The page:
Chesapeake Energy Corp. no longer wants to fight the state of New York’s moratorium on unconventional drilling and is allowing leases it holds in the Southern Tier to expire.

The Oklahoma City operator had attempted to extend many of its expiring leases, some in place for more than 10 years, on the grounds that the high-volume hydraulic fracturing (fracking) ban was beyond its control and therefore, a force majeure. The courts have disagreed (see Shale Daily, April 11, 2011).

Following a legal battle with the New York Attorney General’s office, Chesapeake last year agreed to allow more than 4,400 landowners locked into gas leases to renegotiate their contracts (see Shale Daily, June 15, 2012).

A source told NGI’s Shale Daily that many landowners’ opinions have changed because of misinformation they have received about fracking. Others have wanted to extend their leases, but at a better price. Chesapeake secured some of the original leases in the state more than 10 years ago at prices less than $5.00/acre.

Landowners that have been receiving letters from their attorneys concerning the Chesapeake leases so far are in Broome and Tioga counties, but the intention to release others from their lease agreements probably will extend beyond those two counties, the source said.

If the current moratorium on high-volume fracking in the state were to be removed, producers have shown interest in exploring the counties of Steuben, Chemung, Tioga, Broome, Tompkins, Cortland, Onondaga, Chenango and Ostego, which sit just over the border from the northeastern Pennsylvania Marcellus Shale hot spot counties of Tioga, Bradford, Susquehanna and Lycoming.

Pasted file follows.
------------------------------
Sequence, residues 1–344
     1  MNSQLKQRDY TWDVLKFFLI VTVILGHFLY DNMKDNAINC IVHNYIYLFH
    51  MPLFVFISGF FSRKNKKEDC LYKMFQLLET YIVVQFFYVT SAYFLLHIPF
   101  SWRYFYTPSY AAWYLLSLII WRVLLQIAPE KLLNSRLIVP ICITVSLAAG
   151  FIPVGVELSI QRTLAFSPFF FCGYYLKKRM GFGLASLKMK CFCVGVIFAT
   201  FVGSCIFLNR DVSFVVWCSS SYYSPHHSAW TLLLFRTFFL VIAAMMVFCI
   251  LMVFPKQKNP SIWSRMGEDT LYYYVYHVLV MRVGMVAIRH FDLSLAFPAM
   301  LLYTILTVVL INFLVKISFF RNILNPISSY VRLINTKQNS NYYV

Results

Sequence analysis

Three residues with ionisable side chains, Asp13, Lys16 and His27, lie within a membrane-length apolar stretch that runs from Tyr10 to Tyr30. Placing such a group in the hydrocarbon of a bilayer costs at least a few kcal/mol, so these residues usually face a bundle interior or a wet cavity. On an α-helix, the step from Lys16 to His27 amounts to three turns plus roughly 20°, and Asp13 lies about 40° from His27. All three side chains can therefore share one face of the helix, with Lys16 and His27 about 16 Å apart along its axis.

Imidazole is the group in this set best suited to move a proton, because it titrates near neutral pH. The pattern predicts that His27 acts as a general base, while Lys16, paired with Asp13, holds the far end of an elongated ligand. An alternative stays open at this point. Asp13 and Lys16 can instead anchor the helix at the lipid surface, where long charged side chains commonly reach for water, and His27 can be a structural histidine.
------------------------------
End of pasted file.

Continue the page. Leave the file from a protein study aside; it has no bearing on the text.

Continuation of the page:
In Onondaga County, Chesapeake holds about 70% of the leases, and two-thirds of them have automatic extensions. Landowners that agreed to automatic extensions would not be affected by Chesapeake’s decision.

In related news, Chesapeake’s largest investor, Southeastern Asset Management (13.4% ownership), which had urged changes to governance and capital spending, has expressed confidence in the company and again will become a passive investor, it said in a Securities and Exchange Commission filing.

“Because of our confidence in management and board of directors, we are converting our Schedule 13D to Schedule 13G.”

In May Chesapeake accepted Southeastern’s recommendation to appoint Service Corporation International CEO Thomas L. Ryan to the board and audit committee.

With regards to the state lands in New York, Chesapeake was absent from 1999 and 2003 lease sales, but came on strong in the last major state lands lease sale held in 2006. In that sale, the company was high bidder on 11 of the 16 leases offered, picking up property in Chemung, Cortland, Schuyler, Tioga and Broome counties, according to New York Department of Environmental Conservation data. The 11 leases were won for about $8 million, with Fortuna Energy accounting for the other five leases for nearly $1 million.